My first question for you is this: given its corporate employed authors, whose interests do you expect the TPPA to favour? The only likely beneficiaries of the TPPA in NZ will be shareholders of a few corporations, not the other 99%.
The TPPA is only in the interest of the people of NZ if you believe in "Trickle Down Economics" and believing in that is on a par with being a flat-earther. I include some references: one, two, three.
Conflicted Interests and Independent Analysis rejected
The Ministry for Trade and Enterprise performed an analysis of the CPTPPA following the final negotiations, and found it would be beneficial to NZ, but only marginally. They were put into a tricky position, because I believe that their Minister, David Parker, announced NZ's intention to sign the agreement prior to the analysis being released and probably prior to it being completed. That put the Ministry into a tough position. If their analysis found that the agreement would be bad for NZ, they were under substantial pressure to re-frame it somehow to insure that it looked good for NZ instead, because - as someone who's worked with a Minister before I know this - the last thing you want to do in government is embarrass your Minister.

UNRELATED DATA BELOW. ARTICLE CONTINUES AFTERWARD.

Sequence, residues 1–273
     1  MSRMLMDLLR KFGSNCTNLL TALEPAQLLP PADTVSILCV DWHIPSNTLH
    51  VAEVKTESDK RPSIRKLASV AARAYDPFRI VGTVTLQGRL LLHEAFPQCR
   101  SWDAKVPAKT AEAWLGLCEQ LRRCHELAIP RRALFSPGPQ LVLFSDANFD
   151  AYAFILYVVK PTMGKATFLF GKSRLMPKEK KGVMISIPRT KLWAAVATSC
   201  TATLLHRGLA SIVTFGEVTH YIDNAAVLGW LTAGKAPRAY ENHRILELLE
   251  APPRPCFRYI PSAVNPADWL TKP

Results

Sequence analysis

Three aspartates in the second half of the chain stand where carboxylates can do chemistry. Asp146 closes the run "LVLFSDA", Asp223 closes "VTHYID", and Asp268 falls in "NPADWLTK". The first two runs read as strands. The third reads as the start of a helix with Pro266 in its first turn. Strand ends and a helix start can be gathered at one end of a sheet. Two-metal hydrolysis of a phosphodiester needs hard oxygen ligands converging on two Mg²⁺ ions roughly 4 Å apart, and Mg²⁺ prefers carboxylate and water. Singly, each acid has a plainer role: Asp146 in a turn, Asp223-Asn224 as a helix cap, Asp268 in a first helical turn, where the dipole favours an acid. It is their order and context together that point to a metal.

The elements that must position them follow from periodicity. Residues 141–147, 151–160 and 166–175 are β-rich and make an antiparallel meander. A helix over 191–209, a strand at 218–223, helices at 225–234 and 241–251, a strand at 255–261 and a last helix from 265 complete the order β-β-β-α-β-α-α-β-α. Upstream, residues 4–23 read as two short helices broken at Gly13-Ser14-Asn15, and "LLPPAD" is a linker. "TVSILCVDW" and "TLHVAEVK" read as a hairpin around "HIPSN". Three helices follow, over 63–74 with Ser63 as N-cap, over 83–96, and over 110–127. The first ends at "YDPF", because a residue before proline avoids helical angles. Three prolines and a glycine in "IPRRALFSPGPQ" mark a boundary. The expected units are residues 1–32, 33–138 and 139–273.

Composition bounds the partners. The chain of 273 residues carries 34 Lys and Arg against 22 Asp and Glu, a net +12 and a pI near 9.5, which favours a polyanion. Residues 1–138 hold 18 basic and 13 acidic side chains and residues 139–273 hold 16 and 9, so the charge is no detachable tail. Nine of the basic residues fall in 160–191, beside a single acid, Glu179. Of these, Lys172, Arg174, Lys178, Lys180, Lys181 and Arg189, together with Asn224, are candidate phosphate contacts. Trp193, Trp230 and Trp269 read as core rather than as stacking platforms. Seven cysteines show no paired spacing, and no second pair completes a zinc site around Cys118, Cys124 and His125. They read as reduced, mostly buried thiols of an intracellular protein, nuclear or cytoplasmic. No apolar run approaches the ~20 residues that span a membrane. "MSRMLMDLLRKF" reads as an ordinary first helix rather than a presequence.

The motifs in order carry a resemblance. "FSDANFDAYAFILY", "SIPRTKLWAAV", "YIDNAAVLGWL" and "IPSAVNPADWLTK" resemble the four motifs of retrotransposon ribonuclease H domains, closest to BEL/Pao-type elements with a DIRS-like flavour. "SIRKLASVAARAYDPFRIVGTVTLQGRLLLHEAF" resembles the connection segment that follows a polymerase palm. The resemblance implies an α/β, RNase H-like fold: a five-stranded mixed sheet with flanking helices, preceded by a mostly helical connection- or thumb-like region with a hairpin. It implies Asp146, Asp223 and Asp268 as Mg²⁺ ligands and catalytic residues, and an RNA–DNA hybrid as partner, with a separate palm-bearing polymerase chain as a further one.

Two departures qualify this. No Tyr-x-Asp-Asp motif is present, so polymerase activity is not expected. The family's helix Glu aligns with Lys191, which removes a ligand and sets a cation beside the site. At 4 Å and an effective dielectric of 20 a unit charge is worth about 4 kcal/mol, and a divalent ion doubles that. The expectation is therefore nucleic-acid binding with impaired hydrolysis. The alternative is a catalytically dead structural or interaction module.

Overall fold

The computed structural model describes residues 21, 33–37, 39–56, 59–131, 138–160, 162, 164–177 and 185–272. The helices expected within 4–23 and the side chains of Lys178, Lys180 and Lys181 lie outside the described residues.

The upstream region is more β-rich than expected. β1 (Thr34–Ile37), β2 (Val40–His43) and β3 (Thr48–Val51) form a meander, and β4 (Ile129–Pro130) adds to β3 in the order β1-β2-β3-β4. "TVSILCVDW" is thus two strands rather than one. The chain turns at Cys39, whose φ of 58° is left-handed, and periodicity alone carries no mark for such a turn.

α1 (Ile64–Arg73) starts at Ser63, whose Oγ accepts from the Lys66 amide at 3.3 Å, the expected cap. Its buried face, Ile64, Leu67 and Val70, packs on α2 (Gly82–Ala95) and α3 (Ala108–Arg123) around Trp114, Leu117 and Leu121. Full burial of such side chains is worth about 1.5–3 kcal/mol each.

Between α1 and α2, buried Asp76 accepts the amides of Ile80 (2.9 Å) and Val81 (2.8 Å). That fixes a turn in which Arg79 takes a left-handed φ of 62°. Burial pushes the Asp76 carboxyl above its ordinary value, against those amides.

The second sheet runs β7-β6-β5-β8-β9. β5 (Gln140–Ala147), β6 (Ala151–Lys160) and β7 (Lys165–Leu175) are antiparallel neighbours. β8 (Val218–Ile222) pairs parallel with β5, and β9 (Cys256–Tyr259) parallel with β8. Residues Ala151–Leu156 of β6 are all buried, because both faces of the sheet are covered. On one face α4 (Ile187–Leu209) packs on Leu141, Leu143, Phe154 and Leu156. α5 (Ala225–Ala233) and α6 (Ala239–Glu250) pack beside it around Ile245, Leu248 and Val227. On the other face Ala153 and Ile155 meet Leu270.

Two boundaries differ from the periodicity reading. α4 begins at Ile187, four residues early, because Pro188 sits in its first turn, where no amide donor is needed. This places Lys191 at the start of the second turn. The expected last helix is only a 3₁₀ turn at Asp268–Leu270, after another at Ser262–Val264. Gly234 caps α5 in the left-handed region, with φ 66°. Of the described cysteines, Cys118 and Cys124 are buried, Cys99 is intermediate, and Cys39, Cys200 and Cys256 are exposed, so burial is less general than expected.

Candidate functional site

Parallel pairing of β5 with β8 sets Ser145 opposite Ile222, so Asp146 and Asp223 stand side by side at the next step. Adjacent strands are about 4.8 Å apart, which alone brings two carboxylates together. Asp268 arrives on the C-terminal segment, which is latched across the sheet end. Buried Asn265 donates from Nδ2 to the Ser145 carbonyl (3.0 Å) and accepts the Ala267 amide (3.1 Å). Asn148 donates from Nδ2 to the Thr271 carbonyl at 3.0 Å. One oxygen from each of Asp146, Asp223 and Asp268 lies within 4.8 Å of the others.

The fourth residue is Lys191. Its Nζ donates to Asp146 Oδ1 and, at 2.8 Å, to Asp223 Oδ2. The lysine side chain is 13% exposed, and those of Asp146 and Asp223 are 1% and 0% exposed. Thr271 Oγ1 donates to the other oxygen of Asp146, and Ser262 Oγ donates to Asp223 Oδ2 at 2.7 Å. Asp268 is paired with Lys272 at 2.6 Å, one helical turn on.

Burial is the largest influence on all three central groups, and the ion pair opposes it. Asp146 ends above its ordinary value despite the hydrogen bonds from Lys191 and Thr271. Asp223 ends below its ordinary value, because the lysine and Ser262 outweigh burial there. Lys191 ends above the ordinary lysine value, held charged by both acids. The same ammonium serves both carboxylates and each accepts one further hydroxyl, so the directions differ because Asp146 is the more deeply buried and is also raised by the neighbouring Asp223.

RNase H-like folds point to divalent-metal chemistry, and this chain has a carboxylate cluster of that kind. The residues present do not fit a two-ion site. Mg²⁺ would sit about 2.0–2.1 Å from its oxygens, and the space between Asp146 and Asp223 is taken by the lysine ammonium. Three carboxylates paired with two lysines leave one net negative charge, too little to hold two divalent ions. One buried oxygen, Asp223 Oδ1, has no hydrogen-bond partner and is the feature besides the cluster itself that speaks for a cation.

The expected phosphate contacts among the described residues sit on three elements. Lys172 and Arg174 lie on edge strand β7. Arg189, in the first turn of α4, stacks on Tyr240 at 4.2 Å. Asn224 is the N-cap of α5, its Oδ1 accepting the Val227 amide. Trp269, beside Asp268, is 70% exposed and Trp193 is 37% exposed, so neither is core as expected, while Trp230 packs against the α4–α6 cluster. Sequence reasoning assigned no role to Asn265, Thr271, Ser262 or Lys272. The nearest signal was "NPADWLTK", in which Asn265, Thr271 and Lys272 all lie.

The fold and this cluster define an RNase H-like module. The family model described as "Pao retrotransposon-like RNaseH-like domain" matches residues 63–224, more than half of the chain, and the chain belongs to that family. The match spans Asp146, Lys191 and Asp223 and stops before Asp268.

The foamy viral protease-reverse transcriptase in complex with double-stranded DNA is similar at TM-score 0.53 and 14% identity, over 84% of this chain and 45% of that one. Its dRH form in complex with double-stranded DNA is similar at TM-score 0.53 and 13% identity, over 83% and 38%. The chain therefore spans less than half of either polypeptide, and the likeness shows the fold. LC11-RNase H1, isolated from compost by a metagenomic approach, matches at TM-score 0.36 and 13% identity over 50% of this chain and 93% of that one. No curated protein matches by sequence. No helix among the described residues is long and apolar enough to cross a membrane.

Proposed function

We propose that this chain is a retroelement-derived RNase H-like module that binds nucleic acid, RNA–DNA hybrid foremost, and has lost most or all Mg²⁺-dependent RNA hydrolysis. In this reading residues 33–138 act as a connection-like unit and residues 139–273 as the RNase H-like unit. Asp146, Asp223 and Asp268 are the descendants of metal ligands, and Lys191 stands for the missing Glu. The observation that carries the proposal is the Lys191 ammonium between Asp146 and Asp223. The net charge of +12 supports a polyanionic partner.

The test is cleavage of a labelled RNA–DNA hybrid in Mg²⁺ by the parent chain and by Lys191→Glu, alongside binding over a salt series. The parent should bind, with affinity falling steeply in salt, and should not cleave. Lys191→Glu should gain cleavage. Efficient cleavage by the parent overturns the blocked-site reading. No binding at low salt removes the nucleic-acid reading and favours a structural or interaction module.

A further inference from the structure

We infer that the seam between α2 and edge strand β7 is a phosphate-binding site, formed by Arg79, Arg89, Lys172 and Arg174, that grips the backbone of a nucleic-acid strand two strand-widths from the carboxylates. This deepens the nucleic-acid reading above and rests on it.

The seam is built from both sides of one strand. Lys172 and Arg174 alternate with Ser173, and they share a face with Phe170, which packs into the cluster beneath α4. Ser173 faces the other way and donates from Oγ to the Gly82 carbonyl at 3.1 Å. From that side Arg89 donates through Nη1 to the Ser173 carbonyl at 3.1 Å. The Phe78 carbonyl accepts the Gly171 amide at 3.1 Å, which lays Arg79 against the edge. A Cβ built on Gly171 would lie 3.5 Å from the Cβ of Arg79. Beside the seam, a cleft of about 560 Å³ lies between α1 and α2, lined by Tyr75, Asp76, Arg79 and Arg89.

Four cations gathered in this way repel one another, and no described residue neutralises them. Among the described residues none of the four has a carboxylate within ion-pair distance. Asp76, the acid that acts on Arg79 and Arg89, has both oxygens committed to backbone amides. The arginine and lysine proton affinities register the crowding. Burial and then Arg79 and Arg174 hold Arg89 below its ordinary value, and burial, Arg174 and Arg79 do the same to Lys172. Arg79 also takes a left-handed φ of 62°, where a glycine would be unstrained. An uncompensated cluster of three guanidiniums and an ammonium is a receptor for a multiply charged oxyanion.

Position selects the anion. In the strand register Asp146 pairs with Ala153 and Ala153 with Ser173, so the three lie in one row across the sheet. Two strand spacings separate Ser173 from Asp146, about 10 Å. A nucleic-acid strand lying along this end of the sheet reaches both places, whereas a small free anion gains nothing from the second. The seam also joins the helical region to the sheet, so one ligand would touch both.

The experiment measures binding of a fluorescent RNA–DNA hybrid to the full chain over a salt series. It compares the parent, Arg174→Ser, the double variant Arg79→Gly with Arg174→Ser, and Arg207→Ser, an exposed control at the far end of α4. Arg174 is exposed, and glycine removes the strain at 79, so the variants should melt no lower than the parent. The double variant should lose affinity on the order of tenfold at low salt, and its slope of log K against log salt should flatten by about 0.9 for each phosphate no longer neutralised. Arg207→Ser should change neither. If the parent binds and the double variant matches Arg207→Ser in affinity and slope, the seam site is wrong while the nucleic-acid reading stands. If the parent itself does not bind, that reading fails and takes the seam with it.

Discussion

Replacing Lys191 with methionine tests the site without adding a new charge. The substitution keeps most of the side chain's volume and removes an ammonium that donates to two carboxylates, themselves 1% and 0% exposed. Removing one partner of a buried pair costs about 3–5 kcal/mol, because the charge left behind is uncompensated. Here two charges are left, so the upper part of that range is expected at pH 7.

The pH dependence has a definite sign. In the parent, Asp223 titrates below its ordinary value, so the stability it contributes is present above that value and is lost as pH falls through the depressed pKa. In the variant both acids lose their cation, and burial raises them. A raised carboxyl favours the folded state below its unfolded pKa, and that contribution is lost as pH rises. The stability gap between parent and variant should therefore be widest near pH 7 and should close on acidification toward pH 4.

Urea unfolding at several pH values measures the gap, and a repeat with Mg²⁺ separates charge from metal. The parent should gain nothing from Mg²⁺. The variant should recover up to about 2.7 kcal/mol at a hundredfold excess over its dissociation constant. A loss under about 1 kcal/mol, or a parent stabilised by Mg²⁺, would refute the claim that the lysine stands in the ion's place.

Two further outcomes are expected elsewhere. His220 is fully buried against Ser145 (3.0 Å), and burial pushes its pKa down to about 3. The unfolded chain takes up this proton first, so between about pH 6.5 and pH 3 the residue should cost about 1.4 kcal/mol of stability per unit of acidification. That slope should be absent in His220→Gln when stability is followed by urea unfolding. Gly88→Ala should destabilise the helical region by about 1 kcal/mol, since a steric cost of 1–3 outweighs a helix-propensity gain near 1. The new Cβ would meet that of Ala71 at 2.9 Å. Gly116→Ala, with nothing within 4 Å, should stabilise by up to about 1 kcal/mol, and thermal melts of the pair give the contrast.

The MFAT analysis played up the benefits, but I note that very little has been said about the costs to NZ of being part of the agreement. What sacrifices do we have to make to achieve these marginal benefits MFAT has identified? How do we put a price on lost sovereignty and self determination? Seems pretty apparent the agreement is a framework for handing effective control of the participating nation's law making processes to overseas corporations.